In the weeks since the coronavirus pandemic engulfed the White House, Congress and the presidential campaign, federal agencies have responded in temporary and health-focused ways.
They canceled meetings, delayed deadlines for the public to comment on pending rules, rescheduled hearings and directed employees to work remotely. Fearing the spread of COVID-19, the disease the virus causes, the Patent and Trademark Office even waived a requirement that applicants submit original documents, allowing copies instead.
But top political officials at agencies that regulate energy issues and the environment have been particularly active during the period in pursuing slates of policies with repercussions that will likely stretch for years, in addition to short-term, virus-specific rules.
Political and policy experts say the flurry of rollbacks could reflect a White House strategy to have new rules in place before they might be subject to the Congressional Review Act, which allows Congress to strike down regulations and which Democrats could employ if they win the White House and both congressional chambers in November.
“It’s something that the Trump administration has to be thinking about,” said Sean Hecht, co-executive director of the Emmett Institute on Climate Change and the Environment at the UCLA School of Law.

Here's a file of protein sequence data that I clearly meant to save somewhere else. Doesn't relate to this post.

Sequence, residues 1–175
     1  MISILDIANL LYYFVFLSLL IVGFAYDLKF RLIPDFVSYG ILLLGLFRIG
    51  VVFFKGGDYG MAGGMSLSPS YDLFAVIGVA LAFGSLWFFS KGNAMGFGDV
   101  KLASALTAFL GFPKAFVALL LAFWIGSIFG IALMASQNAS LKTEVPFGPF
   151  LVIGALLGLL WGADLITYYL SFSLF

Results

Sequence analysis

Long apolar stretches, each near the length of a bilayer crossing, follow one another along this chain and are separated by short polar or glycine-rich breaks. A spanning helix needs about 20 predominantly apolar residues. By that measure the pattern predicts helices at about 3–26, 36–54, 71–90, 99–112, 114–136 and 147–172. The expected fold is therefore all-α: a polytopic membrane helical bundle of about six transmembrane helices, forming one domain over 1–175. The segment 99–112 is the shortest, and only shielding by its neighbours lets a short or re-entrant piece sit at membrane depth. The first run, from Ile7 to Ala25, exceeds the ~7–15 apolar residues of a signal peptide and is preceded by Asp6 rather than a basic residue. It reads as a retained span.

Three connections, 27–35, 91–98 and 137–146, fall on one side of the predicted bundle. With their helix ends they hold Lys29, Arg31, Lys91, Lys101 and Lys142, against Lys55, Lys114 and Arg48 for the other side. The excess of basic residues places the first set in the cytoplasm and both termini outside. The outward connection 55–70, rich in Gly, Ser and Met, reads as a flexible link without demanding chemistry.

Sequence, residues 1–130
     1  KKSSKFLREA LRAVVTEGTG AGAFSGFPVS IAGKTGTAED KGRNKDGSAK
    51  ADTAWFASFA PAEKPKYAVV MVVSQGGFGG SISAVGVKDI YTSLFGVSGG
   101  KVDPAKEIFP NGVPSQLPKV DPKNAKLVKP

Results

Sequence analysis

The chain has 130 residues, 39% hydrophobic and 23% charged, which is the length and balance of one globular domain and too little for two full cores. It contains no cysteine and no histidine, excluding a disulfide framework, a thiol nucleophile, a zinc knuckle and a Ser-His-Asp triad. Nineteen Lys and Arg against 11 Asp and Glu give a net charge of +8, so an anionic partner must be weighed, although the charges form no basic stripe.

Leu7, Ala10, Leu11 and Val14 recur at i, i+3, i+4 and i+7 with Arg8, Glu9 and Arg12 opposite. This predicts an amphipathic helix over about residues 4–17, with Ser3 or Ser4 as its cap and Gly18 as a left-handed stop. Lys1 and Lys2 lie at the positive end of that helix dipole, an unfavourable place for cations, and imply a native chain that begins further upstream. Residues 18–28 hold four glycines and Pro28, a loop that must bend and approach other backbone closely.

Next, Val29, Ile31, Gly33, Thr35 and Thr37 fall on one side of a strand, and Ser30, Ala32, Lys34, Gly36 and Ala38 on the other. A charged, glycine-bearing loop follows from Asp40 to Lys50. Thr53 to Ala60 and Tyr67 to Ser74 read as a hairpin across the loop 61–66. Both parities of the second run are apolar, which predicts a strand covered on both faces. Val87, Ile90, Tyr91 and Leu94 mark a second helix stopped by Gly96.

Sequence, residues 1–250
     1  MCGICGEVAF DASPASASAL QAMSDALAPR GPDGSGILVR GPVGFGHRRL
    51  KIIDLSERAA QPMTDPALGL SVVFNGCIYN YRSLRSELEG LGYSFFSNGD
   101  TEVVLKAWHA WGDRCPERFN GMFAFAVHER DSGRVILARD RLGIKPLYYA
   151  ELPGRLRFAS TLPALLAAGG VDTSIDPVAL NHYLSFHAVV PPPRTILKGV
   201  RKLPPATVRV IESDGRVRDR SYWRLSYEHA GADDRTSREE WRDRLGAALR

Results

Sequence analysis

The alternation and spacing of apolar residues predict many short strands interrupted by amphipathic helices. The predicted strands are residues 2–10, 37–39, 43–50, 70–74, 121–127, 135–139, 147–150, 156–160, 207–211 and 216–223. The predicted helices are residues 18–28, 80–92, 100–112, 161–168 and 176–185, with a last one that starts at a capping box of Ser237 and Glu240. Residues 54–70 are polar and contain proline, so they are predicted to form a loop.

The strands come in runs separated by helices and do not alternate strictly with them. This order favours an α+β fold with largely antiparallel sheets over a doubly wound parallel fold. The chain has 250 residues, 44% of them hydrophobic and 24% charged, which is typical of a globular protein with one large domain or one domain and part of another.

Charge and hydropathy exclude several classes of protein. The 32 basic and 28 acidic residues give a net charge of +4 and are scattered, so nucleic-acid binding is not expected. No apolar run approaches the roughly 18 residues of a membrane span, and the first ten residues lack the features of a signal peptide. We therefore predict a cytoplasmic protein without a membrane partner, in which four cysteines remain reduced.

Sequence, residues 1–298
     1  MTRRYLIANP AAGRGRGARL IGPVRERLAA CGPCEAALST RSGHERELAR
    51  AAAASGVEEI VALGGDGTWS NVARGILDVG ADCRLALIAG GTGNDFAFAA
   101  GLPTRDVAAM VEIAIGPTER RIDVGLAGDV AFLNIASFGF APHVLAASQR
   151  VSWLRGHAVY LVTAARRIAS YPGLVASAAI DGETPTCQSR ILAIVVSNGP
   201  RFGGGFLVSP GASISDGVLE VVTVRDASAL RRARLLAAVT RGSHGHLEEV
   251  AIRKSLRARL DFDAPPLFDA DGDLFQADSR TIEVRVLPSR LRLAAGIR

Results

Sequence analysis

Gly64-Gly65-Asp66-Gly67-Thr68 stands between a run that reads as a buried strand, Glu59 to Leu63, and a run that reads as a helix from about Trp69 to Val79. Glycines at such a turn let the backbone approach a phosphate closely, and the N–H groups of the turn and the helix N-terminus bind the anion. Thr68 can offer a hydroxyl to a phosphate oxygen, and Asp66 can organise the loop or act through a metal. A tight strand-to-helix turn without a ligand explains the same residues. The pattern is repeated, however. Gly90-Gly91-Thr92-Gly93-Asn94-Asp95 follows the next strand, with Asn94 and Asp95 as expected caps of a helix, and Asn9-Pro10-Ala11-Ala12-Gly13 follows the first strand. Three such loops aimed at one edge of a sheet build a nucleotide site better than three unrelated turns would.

Since late March, the EPA and the Interior Department in particular have taken steps to ease regulations on energy industries, including oil and gas companies, which are under financial pressure due to low oil prices and the nearly comatose economy.
Decisions at the two departments could echo for years or even decades to come, experts said.
Their steps stand apart from decisions at other energy- and environment-focused agencies, including the Federal Energy Regulatory Commission, the National Oceanic and Atmospheric Administration and the Nuclear Regulatory Commission, which have issued temporary policy changes tailored to COVID-19 concerns but stopped short of proposing significant overhauls.
Citing the coronavirus, the EPA on March 26 unveiled a broad policy to relax environmental rules and allow companies it regulates to determine on their own if they can follow federal reporting requirements on air and water pollution.